04 | Brighton Hill Community School Guided Choices Booklet 2018 - 2021 CONTENTS Core Curriculum Specialism Curriculum English Faculty Humanities Faculty English Language - Core Subject 05 Geography 12 English Literature - Core Subject 06 History 13 Philosophy, Ethics & Beliefs (PEB) 14 Mathematics Faculty Mathematics - Core Subject 07 Modern Foreign Languages Faculty French 15 Science Faculty Spanish 16 Combined Science (2 GCSEs) - Core Subject 08 Triple Science (3 GCSEs) - Core Subject (By Invitation only) 09 Technology Faculty Food Preparation and Nutrition 17 Physical Education Faculty Design and Technology 18 Physical Education - Core Subject (non-examined) 10 Information Technologies 19 Media Studies 20 Humanities Faculty Business 21 Citizenship - Core Subject (non-examined) 11 Physical Education Faculty Physical Education 22 Expressive & Performing Arts Faculty Fine Art 23 Art Textiles 24 Dance 25 Drama 26 Music 27 Notes pages 28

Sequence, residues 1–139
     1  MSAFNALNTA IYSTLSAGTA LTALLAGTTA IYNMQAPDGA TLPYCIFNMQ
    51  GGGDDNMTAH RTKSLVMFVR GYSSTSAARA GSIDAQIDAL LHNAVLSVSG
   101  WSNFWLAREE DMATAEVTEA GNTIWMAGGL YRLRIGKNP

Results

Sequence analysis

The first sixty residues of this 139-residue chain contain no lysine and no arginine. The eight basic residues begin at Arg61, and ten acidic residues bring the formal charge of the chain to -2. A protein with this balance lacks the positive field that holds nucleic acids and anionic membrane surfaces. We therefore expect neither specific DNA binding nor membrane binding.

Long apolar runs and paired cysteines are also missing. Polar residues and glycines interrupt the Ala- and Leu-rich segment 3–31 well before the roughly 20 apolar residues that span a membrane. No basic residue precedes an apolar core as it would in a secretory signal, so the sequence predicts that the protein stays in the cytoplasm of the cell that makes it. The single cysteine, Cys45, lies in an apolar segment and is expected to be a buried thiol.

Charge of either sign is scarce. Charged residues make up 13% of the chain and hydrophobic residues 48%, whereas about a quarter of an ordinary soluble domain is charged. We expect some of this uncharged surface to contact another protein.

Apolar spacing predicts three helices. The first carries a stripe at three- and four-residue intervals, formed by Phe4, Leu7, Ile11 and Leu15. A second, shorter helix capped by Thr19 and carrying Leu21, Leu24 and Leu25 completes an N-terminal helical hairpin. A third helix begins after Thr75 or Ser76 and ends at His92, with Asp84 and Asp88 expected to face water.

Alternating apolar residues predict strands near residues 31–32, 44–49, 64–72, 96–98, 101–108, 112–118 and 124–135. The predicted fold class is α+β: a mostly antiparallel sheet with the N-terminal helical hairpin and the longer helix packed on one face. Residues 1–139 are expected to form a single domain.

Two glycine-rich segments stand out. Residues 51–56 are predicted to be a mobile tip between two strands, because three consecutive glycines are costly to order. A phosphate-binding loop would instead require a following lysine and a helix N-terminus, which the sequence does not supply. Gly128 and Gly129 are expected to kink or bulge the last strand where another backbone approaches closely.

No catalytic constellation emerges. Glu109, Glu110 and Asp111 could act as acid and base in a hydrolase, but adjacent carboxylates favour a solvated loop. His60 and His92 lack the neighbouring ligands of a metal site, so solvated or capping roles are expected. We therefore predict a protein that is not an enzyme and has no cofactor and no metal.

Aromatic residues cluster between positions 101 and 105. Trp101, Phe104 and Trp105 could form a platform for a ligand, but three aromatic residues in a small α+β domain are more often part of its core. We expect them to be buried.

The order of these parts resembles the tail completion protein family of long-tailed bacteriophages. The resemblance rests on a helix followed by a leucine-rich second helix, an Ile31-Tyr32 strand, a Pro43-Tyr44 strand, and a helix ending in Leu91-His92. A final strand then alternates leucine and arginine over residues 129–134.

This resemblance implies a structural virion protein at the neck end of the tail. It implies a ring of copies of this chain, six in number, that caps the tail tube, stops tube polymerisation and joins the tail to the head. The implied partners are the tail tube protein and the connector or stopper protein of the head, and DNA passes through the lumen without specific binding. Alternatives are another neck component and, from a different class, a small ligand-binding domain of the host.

Brighton Hill Community School Guided Choices Booklet 2018 - 2021 | 05 Core Subject ENGLISH LANGUAGE Head of Faculty: Mrs S Gregson Examination Board: AQA Qualification: GCSE Course Description: Students will draw upon a range of texts as reading stimulus and engage with creative as well as real and relevant contexts. Students will have opportunities to develop higher-order reading and critical thinking skills that encourage genuine enquiry into different topics and themes. This course will ensure that students can read fluently and write effectively. Students will be able to demonstrate a confident control of Standard English and write grammatically correct sentences, deploying figurative language and analysing texts. GCSE English Language is designed on the basis that students should read and be assessed on high quality, challenging texts from the 19th, 20th and 21st centuries. The texts, across a range of genres and types, should support students in developing their own writing by providing effective models. Assessment Structure: This course has 100% external examination assessment. There will be a Spoken Language assessment which will be teacher’ assessed during the course. This element will not carry marks for the final GCSE grade, however students will gain a spoken language endorsement. Examination Structure: There will be two final examinations to assess students in the English Language course. Examination Paper 1: Explorations in Creative Reading and Writing (50% 1 hour 45 minutes) This examination will include a reading response to one unseen literature fiction text and one extended descriptive or narrative writing piece. Examination Paper 2: Writers’ Viewpoints and Perspectives (50% 1 hour 45 minutes) This examination will include a reading response to one unseen non-fiction text and one unseen literary non-fiction text, as well as one extended writing piece – writing to present a viewpoint. There will also be one spoken language assessment, which will be completed and filmed during English lessons.